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Dear all,

This is the introduction by Neil Gaiman to a
collection of academic papers on his Sandman graphic
novels, The Sandman Papers, collected by Joe Sanders.

I haven't put this as OT, because its kind of relevant
to some of the things this list has been discussing
recently.  The most relevant paragraphs are the 3rd
and 4th.

Tab

****


    Thereís introductions and thereís introductions
and thereís introductions, and then thereís ones like
this where Iím introducing a book that has some kind
of connection to me, and I have no idea what I can
really add to the book in your hand. Still, I need to
try.

    I once Ė at the International Conference on the
Fantastic in the Arts, in Florida, some years ago Ė
went to a presentation of three papers on my work (one
of which is reprinted here), and after each paper was
presented, I was asked if I would like to make some
reply, which is honestly a bit like asking someone who
has just undergone an autopsy if heíd like to talk
about the experience. (My replies varied, at least in
memory, from ďEr, thanks. That was very nice of you,Ē
to an ďEr, with respect, if you read the issue youíve
cited, I donít believe it actually says what you think
it doesĒ. But possibly I just smiled and nodded.)

    Those were, however Ė with the exception of
pointing out the occasional objective mistake Ė simply
my opinions, and I donít consider them to be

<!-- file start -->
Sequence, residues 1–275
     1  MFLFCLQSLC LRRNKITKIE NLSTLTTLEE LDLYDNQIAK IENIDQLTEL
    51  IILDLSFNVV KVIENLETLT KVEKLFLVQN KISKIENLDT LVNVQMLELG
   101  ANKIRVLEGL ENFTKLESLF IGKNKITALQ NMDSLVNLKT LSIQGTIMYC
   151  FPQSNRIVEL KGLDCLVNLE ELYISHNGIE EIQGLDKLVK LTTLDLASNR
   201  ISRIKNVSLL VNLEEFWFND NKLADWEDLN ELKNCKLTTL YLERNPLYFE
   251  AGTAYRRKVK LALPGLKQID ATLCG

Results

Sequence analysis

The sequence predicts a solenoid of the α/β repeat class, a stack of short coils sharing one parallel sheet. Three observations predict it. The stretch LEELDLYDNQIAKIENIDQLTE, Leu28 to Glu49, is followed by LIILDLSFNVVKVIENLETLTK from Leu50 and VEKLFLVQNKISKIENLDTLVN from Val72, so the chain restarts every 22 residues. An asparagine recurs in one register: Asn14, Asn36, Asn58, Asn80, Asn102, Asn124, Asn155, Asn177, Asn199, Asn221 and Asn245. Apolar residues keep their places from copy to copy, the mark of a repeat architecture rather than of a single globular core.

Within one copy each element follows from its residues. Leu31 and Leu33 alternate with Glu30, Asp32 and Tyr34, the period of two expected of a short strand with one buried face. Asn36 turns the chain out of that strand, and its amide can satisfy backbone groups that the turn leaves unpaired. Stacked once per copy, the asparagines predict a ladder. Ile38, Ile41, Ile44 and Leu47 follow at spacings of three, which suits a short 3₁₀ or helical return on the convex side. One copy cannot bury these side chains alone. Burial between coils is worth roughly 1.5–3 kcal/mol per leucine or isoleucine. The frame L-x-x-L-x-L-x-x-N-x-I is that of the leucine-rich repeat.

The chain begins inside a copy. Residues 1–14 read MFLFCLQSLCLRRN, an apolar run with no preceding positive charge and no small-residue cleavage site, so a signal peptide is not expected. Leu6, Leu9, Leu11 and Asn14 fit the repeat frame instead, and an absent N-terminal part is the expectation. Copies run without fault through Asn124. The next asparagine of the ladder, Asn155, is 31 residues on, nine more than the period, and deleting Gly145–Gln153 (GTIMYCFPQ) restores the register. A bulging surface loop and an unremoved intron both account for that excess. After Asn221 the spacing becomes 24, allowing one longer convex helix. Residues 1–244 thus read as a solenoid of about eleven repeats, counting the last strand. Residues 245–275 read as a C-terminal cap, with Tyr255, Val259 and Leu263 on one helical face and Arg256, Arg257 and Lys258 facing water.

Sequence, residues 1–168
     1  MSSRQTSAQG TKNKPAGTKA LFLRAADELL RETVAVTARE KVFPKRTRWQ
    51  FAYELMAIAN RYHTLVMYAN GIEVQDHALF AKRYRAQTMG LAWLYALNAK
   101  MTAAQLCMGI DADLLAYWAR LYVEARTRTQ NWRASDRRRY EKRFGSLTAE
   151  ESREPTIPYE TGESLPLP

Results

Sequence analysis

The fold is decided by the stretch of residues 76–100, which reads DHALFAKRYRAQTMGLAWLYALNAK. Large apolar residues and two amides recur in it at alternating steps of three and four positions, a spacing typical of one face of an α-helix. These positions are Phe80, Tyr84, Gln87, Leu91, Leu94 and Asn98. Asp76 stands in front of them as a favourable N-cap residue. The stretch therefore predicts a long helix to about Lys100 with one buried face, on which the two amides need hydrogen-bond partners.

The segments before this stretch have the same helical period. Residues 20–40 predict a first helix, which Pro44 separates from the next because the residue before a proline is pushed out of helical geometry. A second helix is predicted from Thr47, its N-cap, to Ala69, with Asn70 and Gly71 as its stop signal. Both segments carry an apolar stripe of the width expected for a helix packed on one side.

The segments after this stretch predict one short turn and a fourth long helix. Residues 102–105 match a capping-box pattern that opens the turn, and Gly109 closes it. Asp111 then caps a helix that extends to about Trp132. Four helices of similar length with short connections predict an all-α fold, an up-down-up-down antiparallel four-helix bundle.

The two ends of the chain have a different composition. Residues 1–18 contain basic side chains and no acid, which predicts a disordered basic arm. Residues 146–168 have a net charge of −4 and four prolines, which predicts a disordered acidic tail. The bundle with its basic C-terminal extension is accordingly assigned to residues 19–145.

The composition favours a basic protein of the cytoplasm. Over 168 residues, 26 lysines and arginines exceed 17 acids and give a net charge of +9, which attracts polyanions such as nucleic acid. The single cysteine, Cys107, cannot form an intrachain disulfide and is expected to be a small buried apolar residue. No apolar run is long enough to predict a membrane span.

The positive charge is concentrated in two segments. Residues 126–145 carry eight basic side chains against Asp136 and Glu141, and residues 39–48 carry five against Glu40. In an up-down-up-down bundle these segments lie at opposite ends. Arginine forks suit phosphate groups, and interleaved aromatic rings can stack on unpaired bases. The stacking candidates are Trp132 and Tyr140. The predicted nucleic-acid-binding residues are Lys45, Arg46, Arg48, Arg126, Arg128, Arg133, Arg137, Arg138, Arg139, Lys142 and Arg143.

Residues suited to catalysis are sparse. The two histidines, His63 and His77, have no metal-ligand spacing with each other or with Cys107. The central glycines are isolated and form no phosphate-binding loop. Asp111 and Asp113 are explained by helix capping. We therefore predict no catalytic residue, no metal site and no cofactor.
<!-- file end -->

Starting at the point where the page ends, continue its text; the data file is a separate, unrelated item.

privileged. Once youíve written something itís not
yours any longer: it belongs to other people, and they
all have opinions about it, and every single one of
those opinions is as correct as that of the author Ė
more so, perhaps. Because those people have read the
work as something perfectly new, and, barring amnesia,
an author is never going to be able to do that. There
will be too many ghost-versions of the story in the
way, and besides, the author cannot read it for the
first time, wondering what happens next, comparing it
to other things that he or she has read.

    So while I may, opinionated myself, disagree with
some of the conclusions presented here, I am quite
content for the opinions to exist; after all, the
people who came to them read the work for the first
time, which is more than Iíve ever managed. Sometimes
Iíve had my eyes opened by papers on something Iíd
written, and noticed that there was something else
there than I had intended. Iíve been praised for
unintentional cleverness and damned for things I donít
actually think I did. And Iíve always enjoyed it,
perhaps because Iíve always had a healthy respect for
academia. Even when I'm puzzled by it, it treats art
like it matters. And for those of us who make art,
thatís a fine thing to experience.

    Iím always particularly delighted by academic
attention to comics Ė partly because I think we need
the best critical minds to point to what we do and
explain it to ourselves, and partly, even mostly,
because it shows how much things are changing. (A
decade ago I was invited to speak at one major
American university by the art department, and was
informed, apologetically, that the English department
were, ah, boycotting my talk, because, after all, I
did comics. These days the invitations come from the
English departments...)

    One thing I know that I can say is that Joe
Sanders (there are two people of that name in this
book, just to confuse you. Iím talking about the
editor) is not only a fine and perspicacious critic,
and an excellent teacher, but he has also proved quite
indefatigable in bringing this book into the world. I
hope this book will prove to be only the beginning of
the printed and collected dialogue between those who
do comics and those who tell us what we did.

    Neil Gaiman
    January 10, 2006


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